12

For example, I have color #009b55 (ForestGreen), and I want to get a slightly brighter version of it - #00a85c. Is there a function that can do it for me?

  • @JohnWickerson - but can I use "ForestGreen!20!black" ? – Rogach May 19 '13 at 9:28
  • @JohnWickerson - yes, it seems I can. Thanks! If you'll post that as an answer, I'll accept it. – Rogach May 19 '13 at 9:29
  • An aside: "dimmen" isn't actually an English word. You probably wanted "darken" ;). – John Wickerson May 19 '13 at 10:05
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    If you got the HTML color value already it’s also possible to use \color[HTML]{00a85c} or \definecolor{MyGreen}{HTML}{00a85c} to define a new color named MyGreen – Tobi May 19 '13 at 10:09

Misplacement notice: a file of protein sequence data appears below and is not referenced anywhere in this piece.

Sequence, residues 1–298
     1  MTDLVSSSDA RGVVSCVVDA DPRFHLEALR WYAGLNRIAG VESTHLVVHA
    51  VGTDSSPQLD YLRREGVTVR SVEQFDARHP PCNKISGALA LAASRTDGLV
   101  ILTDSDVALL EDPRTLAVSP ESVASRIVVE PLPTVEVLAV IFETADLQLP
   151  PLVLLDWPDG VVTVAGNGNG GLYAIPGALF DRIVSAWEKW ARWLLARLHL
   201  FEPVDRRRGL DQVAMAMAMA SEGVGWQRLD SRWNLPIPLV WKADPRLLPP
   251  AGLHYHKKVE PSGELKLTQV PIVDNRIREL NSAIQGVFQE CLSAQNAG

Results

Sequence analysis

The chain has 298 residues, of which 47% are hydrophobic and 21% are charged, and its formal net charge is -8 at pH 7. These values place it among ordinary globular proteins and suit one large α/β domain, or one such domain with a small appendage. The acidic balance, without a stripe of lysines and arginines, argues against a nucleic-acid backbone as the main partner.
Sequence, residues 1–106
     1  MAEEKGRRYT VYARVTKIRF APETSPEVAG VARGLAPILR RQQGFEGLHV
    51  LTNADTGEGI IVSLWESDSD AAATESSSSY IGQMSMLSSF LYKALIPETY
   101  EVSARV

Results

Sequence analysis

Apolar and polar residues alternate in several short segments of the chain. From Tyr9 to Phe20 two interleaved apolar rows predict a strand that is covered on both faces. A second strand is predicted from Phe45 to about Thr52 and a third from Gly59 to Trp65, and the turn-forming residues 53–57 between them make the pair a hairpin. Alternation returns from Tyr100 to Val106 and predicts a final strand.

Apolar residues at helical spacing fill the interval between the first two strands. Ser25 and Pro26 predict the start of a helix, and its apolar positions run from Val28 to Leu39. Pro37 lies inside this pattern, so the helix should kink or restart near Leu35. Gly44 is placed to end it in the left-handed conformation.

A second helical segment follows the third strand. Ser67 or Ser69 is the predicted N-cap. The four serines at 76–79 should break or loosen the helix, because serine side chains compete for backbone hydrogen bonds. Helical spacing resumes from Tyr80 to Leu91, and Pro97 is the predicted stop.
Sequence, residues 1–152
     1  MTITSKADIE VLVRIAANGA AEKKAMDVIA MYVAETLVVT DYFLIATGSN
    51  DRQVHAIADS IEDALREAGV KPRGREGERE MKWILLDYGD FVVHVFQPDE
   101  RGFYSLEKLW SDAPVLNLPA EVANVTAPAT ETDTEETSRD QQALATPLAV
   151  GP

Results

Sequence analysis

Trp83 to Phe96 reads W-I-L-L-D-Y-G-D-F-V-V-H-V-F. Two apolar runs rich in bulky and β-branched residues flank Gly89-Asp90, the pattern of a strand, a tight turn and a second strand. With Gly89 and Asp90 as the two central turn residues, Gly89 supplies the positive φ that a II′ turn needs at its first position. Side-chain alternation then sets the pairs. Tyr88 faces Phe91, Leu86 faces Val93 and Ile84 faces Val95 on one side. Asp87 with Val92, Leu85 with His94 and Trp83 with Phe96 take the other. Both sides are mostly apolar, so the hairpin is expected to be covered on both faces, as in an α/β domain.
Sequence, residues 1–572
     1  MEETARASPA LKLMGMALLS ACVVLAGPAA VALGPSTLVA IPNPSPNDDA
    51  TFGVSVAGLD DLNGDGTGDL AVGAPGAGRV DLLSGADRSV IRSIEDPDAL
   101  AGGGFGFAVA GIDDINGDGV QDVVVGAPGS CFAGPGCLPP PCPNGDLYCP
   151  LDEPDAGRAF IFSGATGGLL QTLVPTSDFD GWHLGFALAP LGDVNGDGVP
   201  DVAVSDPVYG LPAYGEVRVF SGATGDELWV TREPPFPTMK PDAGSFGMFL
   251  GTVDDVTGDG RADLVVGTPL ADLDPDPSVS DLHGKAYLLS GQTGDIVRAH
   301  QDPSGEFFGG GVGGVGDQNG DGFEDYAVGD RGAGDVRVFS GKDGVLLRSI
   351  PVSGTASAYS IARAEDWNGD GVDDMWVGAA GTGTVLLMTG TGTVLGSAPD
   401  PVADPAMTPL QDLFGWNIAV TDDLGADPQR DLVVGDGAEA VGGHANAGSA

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    @JohnWickerson - I edited it to darken now. – Rogach May 19 '13 at 13:15
18

If you put

\usepackage[usenames,dvipsnames]{xcolor}

in your preamble, you can write things like

ForestGreen!60!black

to get a colour that is 60% ForestGreen and 40% black. ("Forest Green" is made available through the dvipsnames(reference) option.)

See (TikZ or xcolor) lighten color for a more thorough explanation.

  • 7
    You can also do this with a reference to the current colour, for example \color{blue} Blue \color{.!80!black} Darker – Andrew Kepert May 19 '13 at 10:30

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